[VoiceOps] Announcement: Kamailio becomes systemd-rtc-server

Rob Dawson rdawson at force3.com
Wed Apr 1 12:20:27 EDT 2015

I seem to remember some past Aprils Fool's trickery originating from you . . .


-----Original Message-----
From: VoiceOps [mailto:voiceops-bounces at voiceops.org] On Behalf Of Alex Balashov
Sent: Wednesday, April 01, 2015 12:21 AM
To: voiceops at voiceops.org
Subject: [VoiceOps] Announcement: Kamailio becomes systemd-rtc-server

For immediate release:

ATLANTA, GA (1 April 2015)--Evariste Systems LLC, an Atlanta-based software vendor specialising in Kamailio-based service delivery solutions for the VoIP ITSP market, is pleased to announce that it, in collaboration with Red Hat Software and Ringfree Communications, has finalised the absorption of the Kamailio SIP Server into the 'systemd'
system management platform for Linux. The new component shall be called 'systemd-rtc-server', or 'Systemd Real-Time Communication Server'.

Alex Balashov, principal of Evariste and leader of the tri-vendor collaboration effort, will officially announce the handover of the reigns of the Kamailio project to the personal leadership of Lennart Poettering at the upcoming Systemd Real Time Communications World conference, to be held in Berlin on 27-29 May of this year.

John Knight, Director of GNOME 3 Integration and part-time usability consultant at Ringfree Communications, based in Hendersonville, North Carolina, summarised the triumphs of the long-standing integration effort.

Remarked Knight:

"The industry has recognised for years that a SIP proxy is a basic building block in the 'init' subsystem of any Linux host. In this age of multimedia communication with voice and video, it was a travesty that systemd handled time synchronisation, network configuration, login management, logging, and console, but not SIP message routing."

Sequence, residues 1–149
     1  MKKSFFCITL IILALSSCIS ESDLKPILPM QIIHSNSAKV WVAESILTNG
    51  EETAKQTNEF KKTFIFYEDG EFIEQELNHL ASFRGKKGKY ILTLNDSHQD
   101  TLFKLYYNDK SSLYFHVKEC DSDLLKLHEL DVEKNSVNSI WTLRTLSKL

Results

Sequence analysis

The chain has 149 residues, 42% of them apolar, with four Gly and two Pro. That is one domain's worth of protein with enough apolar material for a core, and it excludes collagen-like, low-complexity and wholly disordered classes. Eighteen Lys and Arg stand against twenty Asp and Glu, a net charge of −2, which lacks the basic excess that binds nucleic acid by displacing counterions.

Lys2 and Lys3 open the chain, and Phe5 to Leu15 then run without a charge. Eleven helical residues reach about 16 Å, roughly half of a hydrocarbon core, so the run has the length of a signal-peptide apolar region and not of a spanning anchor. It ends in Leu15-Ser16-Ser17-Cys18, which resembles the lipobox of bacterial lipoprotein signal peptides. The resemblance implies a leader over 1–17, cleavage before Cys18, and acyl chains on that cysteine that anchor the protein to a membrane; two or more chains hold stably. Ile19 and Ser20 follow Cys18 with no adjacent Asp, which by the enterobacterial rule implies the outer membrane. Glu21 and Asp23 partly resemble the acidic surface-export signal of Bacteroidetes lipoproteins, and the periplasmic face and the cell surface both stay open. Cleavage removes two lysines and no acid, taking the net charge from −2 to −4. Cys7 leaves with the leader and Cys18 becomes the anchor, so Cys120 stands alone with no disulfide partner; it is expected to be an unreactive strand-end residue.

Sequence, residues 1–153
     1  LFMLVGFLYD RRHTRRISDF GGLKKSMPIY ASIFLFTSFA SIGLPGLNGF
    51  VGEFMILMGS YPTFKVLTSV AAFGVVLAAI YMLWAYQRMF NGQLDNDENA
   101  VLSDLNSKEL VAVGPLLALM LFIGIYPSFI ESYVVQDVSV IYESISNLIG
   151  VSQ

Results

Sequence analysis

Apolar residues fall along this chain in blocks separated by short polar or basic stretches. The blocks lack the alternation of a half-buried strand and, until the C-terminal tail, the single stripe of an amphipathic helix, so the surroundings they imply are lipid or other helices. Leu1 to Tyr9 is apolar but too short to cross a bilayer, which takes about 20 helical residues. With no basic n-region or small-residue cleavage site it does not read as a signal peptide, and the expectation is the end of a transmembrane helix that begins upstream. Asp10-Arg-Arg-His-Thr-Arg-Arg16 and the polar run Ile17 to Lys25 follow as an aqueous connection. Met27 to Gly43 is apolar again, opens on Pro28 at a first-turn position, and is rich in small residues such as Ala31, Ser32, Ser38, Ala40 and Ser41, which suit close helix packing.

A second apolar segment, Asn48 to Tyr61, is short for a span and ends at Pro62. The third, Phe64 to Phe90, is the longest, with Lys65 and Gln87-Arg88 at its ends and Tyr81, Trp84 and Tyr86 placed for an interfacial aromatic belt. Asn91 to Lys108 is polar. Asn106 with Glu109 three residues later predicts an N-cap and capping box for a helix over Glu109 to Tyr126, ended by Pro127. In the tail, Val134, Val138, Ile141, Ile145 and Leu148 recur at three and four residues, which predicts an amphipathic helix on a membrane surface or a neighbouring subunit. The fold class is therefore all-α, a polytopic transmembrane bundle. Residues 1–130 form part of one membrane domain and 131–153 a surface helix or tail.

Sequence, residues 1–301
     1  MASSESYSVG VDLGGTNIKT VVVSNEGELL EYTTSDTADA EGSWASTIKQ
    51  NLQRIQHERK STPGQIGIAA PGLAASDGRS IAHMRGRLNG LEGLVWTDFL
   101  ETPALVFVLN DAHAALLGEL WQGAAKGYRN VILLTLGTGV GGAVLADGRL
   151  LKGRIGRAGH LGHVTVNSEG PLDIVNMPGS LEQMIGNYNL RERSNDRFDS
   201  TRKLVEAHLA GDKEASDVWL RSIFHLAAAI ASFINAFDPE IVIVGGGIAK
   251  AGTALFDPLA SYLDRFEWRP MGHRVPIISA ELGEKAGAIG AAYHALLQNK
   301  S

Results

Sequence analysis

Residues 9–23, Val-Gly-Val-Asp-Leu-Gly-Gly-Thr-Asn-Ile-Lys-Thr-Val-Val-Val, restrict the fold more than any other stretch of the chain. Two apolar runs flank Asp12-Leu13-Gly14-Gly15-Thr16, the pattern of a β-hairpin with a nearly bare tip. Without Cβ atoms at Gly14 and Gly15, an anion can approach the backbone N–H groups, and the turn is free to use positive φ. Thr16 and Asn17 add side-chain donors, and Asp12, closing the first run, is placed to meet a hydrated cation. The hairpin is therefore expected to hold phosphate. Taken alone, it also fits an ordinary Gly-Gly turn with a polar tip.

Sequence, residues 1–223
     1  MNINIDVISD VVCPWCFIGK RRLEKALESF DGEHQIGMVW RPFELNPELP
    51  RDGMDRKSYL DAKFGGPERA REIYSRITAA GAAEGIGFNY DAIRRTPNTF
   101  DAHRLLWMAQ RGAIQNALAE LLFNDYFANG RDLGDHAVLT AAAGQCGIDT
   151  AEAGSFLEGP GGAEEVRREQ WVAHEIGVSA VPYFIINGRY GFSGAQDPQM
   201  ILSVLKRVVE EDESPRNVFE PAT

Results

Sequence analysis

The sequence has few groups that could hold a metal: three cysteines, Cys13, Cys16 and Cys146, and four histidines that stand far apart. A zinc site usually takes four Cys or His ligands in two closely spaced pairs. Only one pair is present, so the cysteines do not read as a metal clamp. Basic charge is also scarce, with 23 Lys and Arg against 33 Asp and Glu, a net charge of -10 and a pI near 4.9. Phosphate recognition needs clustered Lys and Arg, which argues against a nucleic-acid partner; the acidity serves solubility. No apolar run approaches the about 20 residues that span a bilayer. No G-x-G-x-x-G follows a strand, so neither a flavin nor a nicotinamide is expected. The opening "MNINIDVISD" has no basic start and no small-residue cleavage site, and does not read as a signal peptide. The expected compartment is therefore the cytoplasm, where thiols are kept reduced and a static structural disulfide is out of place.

Sean McCord, a veteran partner at Atlanta-based integrator CyCORE & Docker, was quick to concur:

"SIP calls are much easier to troubleshoot with binary logs. Combined with packet captures of TLS-encrypted WebRTC calls, systemd-journald is the ultimate call setup troubleshooting methodology of the responsive, kinetic enterprise."

To support the integration of Kamailio into the ecosystem of every major Linux distribution, Evariste has released new 'dbus_api' and 'pulseaudio' modules for the project.

Balashov stated, "We fully expect to use the D-Bus API to achieve gnome-session integration with systemd-rtc-server-usrloc, but we aren't going to leave Windows users behind; KamailioSvcHost.exe will support Domain Controller policies for G.722 in Active Directory forests."

Despite an aggressive delivery timeline by the tri-vendor consortium behind systemd-rtc-server, industry commentators have widely lambasted the fact that it took so long for Kamailio to become integrated into systemd. Fred Posner, solutions architect at The Palner Group in Fort Lauderdale, Florida, recently wrote in a widely-publicised blog post:

"sr-dev have been keeping their heads in the sand for too long. For years now, it has been completely obvious and self-evident to anyone with half a brain that all kinds of VoIP software should be included in systemd. It's a basic building block of the whole OS, having absorbed functionality previously provided by all kinds of packages like util-linux and wireless-tools."

John Knight of Ringfree accepted the criticism readily, but advocated a forward-thinking orientation focused on breaking with the uncertainty of the past:

"In the absence of a SIP component for routing calls to the PSTN, some people thought, 'systemd has no clear direction apart from the whims of its developers, and is a perpetually moving goal post.' Well, a SIP server should put an end to that whole discussion; that's exactly what was missing, and now that we have systemd-rtc-server, we've eliminated all doubts about the coherence, conceptual integrity and finality of systemd."

Alex Balashov | Principal | Evariste Systems LLC
303 Perimeter Center North, Suite 300
Atlanta, GA 30346
United States

Tel: +1-800-250-5920 (toll-free) / +1-678-954-0671 (direct)
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